Cubans finally connecting thanks to Wi-Fi hotspots

After decades of stringent control, the Cuban government has finally eased the reins on the flow of information by allowing more of the island’s ordinary citizens to access the Internet. Slowly, but surely, the isolated island is beginning to integrate with the wider world.

The government in Havana has opened Wi-Fi hotspots in 35 areas across the country, making it possible for ordinary Cubans to access a service that was so far available only to the elite. Luis Manuel Diaz Naranjo, spokesman for the government-owned telecommunications provider ETECSA, told The Guardian that each hotspot would be able to handle 50 to 100 users at a speed of one megabit a second.

Before these hotspots were launched, broadband access to the Internet was limited only to affluent individual subscribers, government officials and some doctors. Ordinary Cubans could get access through state-run Internet cafes or 600 youth computer clubs, but they charged steep hourly rates. The standard charge was $4.50 an hour, putting Internet use beyond the reach of most Cubans as they earn an average wage of $20 a month.

It will cost $2 an hour to use the newly launched Wi-Fi hotspots. While it is a substantial slash in price from $4.50 an hour, the new cost is still unaffordable for many Cubans. But most islanders have welcomed the move, saying it was high time Cuba joined the Internet age. Spotting Cubans using smart phones and tablets is becoming a more common sight since Wi-Fi was recently rolled out. Social networks are generally the most visited sites, with Facebook emerging as a clear favorite.

Many see the Cuban government’s move as an outcome of the recent thaw in hostile relations with the United States of America. The two countries are finally on the way to re-establishing diplomatic ties and have agreed to open embassies in each others capitals. Economic relations are expected to improve as a result. Havana’s move to widen Net access on the island is seen as an outcome of this significant diplomatic development.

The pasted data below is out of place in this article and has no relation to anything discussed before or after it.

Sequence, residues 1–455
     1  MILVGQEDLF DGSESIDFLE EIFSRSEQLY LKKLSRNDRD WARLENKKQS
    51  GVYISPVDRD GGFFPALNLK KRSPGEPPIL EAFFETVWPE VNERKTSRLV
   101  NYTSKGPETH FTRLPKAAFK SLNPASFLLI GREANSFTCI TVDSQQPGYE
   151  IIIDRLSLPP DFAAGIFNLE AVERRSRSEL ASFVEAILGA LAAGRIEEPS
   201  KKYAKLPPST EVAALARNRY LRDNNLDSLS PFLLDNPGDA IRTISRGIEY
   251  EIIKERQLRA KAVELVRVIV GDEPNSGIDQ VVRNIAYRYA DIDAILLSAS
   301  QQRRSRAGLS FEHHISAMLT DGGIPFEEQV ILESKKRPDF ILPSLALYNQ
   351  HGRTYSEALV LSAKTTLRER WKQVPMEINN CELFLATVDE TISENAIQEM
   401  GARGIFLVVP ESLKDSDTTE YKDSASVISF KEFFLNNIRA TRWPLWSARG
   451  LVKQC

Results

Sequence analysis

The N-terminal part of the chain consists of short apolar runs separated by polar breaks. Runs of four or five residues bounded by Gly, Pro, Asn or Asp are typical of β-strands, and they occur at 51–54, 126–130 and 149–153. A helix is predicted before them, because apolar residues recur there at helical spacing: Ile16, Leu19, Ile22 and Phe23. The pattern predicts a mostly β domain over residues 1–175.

Incidentally, Google has been pushing for freeing up the Internet in Cuba for some time. Its chairman Eric Schmidt visited Cuba last year “to promote the virtues of a free and open Internet”. Since then company executives have reportedly proposed a way to quickly expand Net access across the entire island nation.

The Communist-led government in Cuba has so far been known to strictly control the flow of information to its citizens, be it through the Internet or the media. The only other country to exercise a similar degree of control on information is North Korea. Cuba has among the lowest rates of Internet use in the world, with just 3.4 percent of homes enjoying connectivity, according to a U.N. agency. But the launch of the Wi-Fi hotspots seems to signal the beginning of dramatic change on that front. According to a report in the Miami Herald, there is a possibility that wider home access using ADSL technology will be launched in the near future.

William LeoGrande, a professor of government at American University, told Reuters: “Historically, Cuba has had probably the worst Internet access in the hemisphere. Clearly, the Cuban government has decided that broadband Internet access is essential to a 21st century economy. The Internet cafes and now this Wi-Fi network show that the government is serious about expanding Internet access.”

While most Cubans are understandably elated at finally being allowed to use the Net, there are hidden dangers they possibly need to become aware of. Users of the new Wi-Fi hotspots could serve as easy prey for hackers on a mission to steal personal and financial information. A virtual private network (VPN) – software that encrypts all data sent and received on the Internet – is an effective way to thwart such hacking attempts. However, the launch of the Wi-Fi hotspots marks the crossing of a significant milestone in Cuba’s journey of integration with the rest of the world in the information age.

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